In an ideal world, taxes wouldn't drive business or investment decisions at all. In reality, though, what a company pays or doesn't pay in taxes can mean the difference between a profitable business and a big loser.
That's why tax-saving strategies -- both complicated and simple -- are so important to the bottom line for many companies. Whether it's the company itself dodging a tax bullet or helping its customers avoid paying, tax moves add millions to profits, benefiting shareholders of many companies. The three tax plays below are just a few of the many techniques that have made investors richer over time.
1. The foreign tax dodge
Most people find taxes very complicated. But even among tax professionals, foreign taxation is one of the hardest areas to grasp, because rules and rates differ so much from country to country.
Behind those differences, though, are opportunities to cash in on loopholes. For instance, fellow Fool Morgan Housel pointed to a New York Times article detailing how tech giants Apple
Policymakers have floated various answers to the foreign taxation question, such as cutting corporate tax rates or changing the U.S. worldwide tax system to a more nationally centered one. But you can count on multinationals using every legal means at their disposal to minimize their total taxes, no matter what tax system they have to follow.
2. Playing states against each other
Most people focus on federal taxes when they look for tax savings, but arguably the best-known tax-avoidance facilitator helps millions of customers get around state sales taxes. Amazon.com
State taxes go beyond sales tax, though. Big companies can negotiate hugely favorable tax incentives in exchange for job-creating investments in particular states, and so states end up fighting each other tooth and nail for lucrative projects. Especially as state finances are weak, the fight for high-paying, tax-producing jobs will get tougher -- even if it costs millions in business tax revenues in the long run.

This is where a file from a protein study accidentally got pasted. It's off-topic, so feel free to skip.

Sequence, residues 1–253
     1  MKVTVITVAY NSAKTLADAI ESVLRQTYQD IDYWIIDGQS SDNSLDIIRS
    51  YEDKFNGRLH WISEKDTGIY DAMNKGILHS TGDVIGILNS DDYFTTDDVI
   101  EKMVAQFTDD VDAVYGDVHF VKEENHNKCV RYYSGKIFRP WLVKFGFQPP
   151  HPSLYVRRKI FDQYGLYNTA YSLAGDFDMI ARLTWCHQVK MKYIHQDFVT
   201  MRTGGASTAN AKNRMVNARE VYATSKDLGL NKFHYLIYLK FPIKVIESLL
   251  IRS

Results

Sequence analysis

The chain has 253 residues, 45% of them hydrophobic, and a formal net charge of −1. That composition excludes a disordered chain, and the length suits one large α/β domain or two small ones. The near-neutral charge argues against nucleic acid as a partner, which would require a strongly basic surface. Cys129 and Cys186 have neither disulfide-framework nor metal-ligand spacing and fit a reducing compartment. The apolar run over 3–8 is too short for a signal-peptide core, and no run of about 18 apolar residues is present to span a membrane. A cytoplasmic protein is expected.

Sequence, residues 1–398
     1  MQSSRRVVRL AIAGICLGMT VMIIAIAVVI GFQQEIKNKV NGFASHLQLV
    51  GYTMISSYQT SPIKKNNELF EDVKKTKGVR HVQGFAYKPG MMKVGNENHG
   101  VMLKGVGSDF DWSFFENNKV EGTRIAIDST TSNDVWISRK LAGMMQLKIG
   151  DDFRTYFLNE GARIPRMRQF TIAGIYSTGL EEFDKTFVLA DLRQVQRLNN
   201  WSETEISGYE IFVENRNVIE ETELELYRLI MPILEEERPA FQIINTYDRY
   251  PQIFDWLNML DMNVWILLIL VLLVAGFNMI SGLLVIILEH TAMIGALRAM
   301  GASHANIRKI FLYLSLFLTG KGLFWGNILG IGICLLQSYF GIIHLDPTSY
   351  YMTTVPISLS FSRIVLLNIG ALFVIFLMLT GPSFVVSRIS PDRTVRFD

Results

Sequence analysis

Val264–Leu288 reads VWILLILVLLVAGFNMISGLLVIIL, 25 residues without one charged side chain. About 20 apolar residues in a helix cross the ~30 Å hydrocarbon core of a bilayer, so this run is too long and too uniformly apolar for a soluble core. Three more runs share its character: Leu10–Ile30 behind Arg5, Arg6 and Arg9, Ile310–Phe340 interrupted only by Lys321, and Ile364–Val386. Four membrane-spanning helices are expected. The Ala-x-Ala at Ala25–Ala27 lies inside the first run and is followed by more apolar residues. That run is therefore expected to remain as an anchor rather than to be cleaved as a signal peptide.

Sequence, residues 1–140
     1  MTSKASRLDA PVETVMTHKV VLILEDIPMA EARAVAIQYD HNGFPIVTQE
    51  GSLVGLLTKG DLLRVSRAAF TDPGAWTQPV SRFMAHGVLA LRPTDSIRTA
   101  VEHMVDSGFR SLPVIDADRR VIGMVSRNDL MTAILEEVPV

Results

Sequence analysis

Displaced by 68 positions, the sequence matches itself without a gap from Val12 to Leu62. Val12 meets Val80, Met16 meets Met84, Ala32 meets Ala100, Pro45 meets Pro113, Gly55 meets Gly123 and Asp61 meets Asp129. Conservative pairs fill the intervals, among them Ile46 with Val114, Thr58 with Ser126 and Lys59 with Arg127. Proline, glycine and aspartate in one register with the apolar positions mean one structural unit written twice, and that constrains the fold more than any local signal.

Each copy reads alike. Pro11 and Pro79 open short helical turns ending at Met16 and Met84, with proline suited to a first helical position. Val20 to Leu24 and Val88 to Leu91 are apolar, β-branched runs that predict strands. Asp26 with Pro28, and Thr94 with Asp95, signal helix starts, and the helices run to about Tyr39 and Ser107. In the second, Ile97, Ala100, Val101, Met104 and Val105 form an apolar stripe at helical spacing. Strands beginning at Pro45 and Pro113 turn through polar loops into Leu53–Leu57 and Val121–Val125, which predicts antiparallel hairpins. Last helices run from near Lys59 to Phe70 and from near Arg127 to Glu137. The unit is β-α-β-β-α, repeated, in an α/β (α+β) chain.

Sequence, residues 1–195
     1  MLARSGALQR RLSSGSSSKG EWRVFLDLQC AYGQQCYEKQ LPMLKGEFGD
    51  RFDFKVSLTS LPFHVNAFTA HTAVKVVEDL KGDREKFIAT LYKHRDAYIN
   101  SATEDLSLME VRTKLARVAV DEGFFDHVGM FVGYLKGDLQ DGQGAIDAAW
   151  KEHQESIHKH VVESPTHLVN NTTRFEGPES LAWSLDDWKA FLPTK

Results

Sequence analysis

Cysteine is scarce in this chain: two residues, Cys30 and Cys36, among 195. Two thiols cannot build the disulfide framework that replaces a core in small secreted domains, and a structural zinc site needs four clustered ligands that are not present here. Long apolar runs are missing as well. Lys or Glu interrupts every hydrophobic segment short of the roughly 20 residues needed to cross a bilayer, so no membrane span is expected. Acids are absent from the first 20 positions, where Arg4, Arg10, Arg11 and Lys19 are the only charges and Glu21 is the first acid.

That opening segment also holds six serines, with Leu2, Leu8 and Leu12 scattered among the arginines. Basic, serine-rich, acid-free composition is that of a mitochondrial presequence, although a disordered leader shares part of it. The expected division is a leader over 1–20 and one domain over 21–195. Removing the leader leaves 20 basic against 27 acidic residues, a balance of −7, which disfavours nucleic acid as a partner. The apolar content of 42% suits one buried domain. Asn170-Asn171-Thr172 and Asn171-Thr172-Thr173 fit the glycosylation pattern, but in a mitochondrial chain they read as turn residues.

3. The plusses of pass-through status
Businesses complain about the high rates on corporate taxes. But as a practical matter, paying corporate tax is largely a voluntary act for most businesses. Simply by setting up shop as a partnership or limited liability company, a business can avoid double taxation and the complexities of corporate taxes.
Businesses of all types take advantage of various provisions to save millions in taxes. Annaly Capital
May the best players win
Full-scale tax reform has bipartisan support, but the devil's in the details, and it's exceedingly difficult to envision compromise and agreement on any massive tax reform effort. As long as loopholes exist, companies will exploit them -- and the best players will keep earning millions in tax savings for their efforts.
You can use legal tax strategies to your advantage as well. With tax-favored retirement accounts, the ball's in your court -- but you need smart investments for them. Let the Motley Fool's special report on long-term investing give you some great ideas on stocks that will serve you well over the years. Click here and get your free copy right now.
Fool contributor Dan Caplinger doesn't know all the tricks, but he likes learning from the best. He doesn't own shares of the companies mentioned in this article. You can follow him on Twitter here. The Motley Fool owns shares of Amazon.com, Microsoft, Google, Apple, and Annaly Capital. Motley Fool newsletter services have recommended buying shares of Apple, Google, Microsoft, Amazon.com, Pfizer, and Annaly Capital, as well as creating bull call spread positions on Microsoft and Apple. Try any of our Foolish newsletter services free for 30 days. We Fools may not all hold the same opinions, but we all believe that considering a diverse range of insights makes us better investors. The Fool's disclosure policy is never taxing.